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Trump ramps up attacks against mail-in voting

Trump threatens states' mail-in voting plans
Trump slams mail-in voting plans, threatens to withhold funding from states 09:54

President Trump has repeatedly criticized mail-in voting in recent days, insisting it leads to voter fraud. On Tuesday, Twitter included a fact check along with one of the president's tweets for the first time, including a link where readers could "get the facts about mail-in ballots" after the president tweeted there is "NO WAY (ZERO!) that Mail-in Ballots will be anything less than substantially fraudulent." 

But this is far from the first time the president has criticized mail-in voting. Last week, Mr. Trump tweeted that he might withhold funding from a small number of states if they moved forward with the vote-by-mail process.

"State of Nevada 'thinks' that they can send out illegal vote by mail ballots, creating a great Voter Fraud scenario for the State and the U.S. They can't! If they do, 'I think' I can hold up funds to the State. Sorry, but you must not cheat in elections," the president tweeted, tagging his own treasury secretary and director of the Office of Management and Budget in the tweet.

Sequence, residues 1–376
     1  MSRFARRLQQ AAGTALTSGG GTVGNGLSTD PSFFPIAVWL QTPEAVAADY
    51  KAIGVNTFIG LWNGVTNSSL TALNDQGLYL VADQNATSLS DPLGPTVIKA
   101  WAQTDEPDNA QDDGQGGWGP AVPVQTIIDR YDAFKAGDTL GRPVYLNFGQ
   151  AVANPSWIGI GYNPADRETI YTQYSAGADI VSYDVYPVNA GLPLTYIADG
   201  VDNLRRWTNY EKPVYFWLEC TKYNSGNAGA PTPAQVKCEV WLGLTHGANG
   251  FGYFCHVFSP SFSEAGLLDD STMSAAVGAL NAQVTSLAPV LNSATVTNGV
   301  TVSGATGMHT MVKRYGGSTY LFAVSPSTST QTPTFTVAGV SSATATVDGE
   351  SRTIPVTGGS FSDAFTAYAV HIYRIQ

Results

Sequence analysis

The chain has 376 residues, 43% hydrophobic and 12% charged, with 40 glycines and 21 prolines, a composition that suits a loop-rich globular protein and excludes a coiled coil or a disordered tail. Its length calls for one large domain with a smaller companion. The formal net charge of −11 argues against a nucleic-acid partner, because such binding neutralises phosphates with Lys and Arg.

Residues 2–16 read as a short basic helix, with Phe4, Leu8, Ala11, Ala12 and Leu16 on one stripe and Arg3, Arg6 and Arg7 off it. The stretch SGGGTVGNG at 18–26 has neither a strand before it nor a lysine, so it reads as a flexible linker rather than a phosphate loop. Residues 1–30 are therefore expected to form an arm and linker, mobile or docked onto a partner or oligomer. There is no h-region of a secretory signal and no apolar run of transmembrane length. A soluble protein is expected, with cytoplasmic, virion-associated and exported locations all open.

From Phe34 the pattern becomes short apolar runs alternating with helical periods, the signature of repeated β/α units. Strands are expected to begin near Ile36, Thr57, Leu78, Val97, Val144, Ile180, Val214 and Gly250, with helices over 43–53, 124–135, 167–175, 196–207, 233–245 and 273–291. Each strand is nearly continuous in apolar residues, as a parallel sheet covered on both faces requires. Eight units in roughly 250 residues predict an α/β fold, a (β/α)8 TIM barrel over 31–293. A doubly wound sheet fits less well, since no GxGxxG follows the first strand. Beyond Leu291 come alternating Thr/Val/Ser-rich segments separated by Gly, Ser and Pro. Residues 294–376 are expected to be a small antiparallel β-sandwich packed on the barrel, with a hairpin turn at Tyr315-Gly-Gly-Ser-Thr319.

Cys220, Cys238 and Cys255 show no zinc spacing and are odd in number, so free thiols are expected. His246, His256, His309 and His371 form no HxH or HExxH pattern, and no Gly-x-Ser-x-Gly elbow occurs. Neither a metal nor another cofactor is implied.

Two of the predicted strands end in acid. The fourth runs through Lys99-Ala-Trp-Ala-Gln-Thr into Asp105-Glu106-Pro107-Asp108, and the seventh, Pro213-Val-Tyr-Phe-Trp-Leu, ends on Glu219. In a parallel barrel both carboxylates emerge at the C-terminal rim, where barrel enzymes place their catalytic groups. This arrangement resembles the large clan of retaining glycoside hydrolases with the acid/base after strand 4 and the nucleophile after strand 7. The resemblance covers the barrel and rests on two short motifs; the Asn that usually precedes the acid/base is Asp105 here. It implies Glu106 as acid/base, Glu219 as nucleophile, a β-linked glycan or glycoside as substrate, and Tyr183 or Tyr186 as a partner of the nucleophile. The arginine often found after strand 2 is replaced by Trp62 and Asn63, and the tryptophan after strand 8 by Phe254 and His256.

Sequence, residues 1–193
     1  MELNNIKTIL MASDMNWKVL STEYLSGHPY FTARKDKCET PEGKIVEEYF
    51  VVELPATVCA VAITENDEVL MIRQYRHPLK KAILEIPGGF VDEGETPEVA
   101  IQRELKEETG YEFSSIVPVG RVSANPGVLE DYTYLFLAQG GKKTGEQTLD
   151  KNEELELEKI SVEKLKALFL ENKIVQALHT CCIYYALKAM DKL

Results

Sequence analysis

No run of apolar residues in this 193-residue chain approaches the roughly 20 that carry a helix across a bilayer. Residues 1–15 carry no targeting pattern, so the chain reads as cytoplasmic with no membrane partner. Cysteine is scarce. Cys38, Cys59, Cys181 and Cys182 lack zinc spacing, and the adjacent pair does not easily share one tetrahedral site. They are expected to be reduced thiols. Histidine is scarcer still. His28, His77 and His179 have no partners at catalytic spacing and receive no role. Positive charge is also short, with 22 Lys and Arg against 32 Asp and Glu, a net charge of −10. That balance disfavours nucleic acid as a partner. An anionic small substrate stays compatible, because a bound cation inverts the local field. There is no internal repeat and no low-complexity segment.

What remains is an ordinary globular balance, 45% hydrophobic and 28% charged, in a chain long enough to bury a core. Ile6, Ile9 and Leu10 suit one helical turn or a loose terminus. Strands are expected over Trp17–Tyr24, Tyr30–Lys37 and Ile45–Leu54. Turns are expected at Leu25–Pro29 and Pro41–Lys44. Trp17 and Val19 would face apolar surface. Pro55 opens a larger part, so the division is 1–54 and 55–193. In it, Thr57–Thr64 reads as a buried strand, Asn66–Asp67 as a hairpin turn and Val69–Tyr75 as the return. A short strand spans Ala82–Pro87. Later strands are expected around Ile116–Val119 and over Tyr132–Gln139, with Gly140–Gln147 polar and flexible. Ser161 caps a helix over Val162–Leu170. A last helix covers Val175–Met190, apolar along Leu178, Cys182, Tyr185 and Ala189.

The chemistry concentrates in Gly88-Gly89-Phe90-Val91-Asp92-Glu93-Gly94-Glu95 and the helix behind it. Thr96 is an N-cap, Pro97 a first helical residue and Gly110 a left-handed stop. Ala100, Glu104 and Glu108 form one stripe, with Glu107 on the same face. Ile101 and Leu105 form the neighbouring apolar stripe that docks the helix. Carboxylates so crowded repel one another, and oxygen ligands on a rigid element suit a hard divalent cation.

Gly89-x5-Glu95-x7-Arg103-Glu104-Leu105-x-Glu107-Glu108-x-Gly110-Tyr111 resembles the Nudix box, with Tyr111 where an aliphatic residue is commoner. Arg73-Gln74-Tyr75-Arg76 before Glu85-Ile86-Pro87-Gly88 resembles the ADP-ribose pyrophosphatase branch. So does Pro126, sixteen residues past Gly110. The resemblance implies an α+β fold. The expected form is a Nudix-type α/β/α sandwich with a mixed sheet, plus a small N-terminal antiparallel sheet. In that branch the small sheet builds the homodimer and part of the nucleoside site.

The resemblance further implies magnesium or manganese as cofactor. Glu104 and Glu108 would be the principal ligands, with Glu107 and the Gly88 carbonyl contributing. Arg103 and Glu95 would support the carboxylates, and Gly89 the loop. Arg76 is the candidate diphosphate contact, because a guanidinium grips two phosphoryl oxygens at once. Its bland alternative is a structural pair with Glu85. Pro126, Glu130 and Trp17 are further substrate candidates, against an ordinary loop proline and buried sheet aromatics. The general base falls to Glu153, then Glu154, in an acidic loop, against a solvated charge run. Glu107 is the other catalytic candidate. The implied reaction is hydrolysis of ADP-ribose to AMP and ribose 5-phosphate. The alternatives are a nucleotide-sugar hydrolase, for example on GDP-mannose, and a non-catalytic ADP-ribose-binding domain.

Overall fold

The president also accused Michigan of sending out absentee ballots, when in fact they were absentee ballot applications. Mr. Trump later corrected his tweet.

"Michigan sends absentee ballot applications to 7.7 million people ahead of Primaries and the General Election," he tweeted. "This was done illegally and without authorization by a rogue Secretary of State. I will ask to hold up funding to Michigan if they want to go down this Voter Fraud path!" 

Back in 2018, he blamed an unproven theory of "ballot harvesting" to justify the overwhelming losses in the midterm elections that led to Democratic control of the House. 

The president himself sent his vote in by mail in Florida's elections. 

Ultimately, it isn't the president's decision whether states vote by mail. That's up to the states. And despite Mr. Trump's comments, some Republican officials are moving ahead with plans to vote by mail

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